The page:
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On the Formation of the Most Massive Stars in the Galaxy (2012)

by Roberto J. Galván-Madrid

Other authors: Luis F. Rodríguez (Preface)

Series: Springer Theses

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The most massive stars in the galaxy - those with more than 15 to 20 solar masses - are lilkely to ionize their surroundings before they reach their final mass. How can they accrete in spite of the presence of over-pressurized gas? This thesis presents results of Submillimeter Array (SMA) and Very Large Array (VLA) studies of massive star formation regions in the early stages of ionization, as well as an analysis of numerical simulations of the evolution of these young HII regions. The results favor a picture in which very massive stars form in accretion flows that are partially ionized and that keep accreting material from their environment--… (more)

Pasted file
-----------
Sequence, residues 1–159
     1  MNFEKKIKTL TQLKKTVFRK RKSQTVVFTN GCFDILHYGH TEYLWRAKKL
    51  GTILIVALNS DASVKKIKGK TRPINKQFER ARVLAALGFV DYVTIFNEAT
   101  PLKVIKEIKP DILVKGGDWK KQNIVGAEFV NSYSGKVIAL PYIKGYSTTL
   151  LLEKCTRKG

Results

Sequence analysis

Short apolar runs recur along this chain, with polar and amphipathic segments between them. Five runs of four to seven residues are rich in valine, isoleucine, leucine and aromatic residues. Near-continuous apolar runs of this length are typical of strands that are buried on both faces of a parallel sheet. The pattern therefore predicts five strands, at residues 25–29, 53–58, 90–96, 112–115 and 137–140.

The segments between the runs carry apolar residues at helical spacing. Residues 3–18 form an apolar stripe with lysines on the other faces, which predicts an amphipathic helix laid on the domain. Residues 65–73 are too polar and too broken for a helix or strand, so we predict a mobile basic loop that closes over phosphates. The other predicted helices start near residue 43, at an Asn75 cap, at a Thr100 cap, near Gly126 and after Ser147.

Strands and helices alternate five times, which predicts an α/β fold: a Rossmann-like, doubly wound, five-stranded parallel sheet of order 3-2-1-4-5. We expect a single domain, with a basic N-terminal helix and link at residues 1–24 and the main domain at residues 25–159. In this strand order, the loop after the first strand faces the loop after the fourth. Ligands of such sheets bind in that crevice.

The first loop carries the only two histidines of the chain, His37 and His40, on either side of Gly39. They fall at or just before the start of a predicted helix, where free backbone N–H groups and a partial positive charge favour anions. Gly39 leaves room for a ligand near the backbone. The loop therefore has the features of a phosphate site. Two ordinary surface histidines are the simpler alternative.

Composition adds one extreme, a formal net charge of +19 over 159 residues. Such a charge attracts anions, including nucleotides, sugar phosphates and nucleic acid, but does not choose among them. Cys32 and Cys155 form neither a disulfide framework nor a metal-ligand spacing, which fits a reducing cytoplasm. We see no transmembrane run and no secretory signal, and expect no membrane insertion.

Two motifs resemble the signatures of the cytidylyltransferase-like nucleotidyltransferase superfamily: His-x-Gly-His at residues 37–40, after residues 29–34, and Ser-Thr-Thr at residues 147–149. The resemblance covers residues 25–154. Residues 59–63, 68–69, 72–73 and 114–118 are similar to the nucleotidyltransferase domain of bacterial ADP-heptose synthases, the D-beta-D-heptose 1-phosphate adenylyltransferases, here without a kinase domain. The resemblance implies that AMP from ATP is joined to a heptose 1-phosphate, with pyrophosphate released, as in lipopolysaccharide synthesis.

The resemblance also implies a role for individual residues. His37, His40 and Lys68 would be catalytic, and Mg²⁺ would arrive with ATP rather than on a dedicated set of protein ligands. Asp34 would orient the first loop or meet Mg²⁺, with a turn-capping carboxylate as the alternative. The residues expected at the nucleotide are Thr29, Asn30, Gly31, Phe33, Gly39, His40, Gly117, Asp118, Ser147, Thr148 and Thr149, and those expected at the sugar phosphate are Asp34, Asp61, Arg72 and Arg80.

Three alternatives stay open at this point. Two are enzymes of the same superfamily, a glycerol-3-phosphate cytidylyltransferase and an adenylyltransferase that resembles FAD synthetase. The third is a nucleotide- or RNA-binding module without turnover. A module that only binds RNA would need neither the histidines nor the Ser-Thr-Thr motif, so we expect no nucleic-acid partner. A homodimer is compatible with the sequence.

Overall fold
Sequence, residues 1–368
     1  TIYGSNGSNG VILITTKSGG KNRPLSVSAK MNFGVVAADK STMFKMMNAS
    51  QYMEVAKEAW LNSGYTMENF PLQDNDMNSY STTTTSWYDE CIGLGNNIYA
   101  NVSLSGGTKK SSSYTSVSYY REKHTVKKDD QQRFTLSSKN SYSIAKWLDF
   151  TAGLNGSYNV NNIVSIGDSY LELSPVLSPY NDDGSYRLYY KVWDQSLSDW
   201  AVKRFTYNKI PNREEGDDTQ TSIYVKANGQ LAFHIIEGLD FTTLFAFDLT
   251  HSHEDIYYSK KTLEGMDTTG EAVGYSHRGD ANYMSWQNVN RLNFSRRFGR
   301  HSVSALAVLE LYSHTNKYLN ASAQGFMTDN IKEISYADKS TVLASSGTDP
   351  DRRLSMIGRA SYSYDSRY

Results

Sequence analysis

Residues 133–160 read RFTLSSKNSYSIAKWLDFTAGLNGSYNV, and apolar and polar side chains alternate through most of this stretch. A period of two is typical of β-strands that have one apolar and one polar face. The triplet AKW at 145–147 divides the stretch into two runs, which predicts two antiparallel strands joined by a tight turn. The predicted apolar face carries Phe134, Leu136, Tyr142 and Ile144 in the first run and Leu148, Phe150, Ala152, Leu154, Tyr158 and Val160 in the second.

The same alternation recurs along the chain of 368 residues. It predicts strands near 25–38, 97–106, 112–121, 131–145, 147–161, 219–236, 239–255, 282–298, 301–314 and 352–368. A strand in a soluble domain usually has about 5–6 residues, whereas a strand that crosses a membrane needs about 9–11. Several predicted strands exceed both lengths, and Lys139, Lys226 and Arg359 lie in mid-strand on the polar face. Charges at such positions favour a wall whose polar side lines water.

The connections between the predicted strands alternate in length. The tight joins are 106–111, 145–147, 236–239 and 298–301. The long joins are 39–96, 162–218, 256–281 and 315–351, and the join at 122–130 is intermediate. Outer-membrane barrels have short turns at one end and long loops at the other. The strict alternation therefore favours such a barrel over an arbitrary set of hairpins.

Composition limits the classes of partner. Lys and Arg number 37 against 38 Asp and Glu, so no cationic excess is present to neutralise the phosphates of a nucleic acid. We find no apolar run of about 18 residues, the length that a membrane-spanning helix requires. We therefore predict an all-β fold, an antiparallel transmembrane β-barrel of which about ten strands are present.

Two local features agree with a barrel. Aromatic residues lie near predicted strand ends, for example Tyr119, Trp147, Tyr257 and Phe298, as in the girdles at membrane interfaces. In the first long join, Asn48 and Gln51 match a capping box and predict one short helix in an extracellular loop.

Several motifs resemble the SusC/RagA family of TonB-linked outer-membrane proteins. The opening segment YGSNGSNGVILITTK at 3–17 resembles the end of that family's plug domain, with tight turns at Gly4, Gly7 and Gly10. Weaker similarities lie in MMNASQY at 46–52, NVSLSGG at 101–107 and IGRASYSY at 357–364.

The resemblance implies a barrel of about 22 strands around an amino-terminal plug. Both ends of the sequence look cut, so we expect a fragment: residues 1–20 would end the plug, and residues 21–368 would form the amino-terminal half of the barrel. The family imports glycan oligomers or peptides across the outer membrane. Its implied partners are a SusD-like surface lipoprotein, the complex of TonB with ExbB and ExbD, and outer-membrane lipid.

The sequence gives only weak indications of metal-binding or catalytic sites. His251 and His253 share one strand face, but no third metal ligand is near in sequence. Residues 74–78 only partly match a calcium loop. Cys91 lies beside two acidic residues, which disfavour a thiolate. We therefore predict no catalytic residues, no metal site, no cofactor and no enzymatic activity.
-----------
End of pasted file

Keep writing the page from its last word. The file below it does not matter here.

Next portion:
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Author nameRoleType of authorWork?Status
Roberto J. Galván-Madridprimary authorall editionscalculated
Rodríguez, Luis F.Prefacesecondary authorall editionsconfirmed

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Stars are the basic building blocks that drive the evolution of the Universe.
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(Click to show. Warning: May contain spoilers.)
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The most massive stars in the galaxy - those with more than 15 to 20 solar masses - are lilkely to ionize their surroundings before they reach their final mass. How can they accrete in spite of the presence of over-pressurized gas? This thesis presents results of Submillimeter Array (SMA) and Very Large Array (VLA) studies of massive star formation regions in the early stages of ionization, as well as an analysis of numerical simulations of the evolution of these young HII regions. The results favor a picture in which very massive stars form in accretion flows that are partially ionized and that keep accreting material from their environment--

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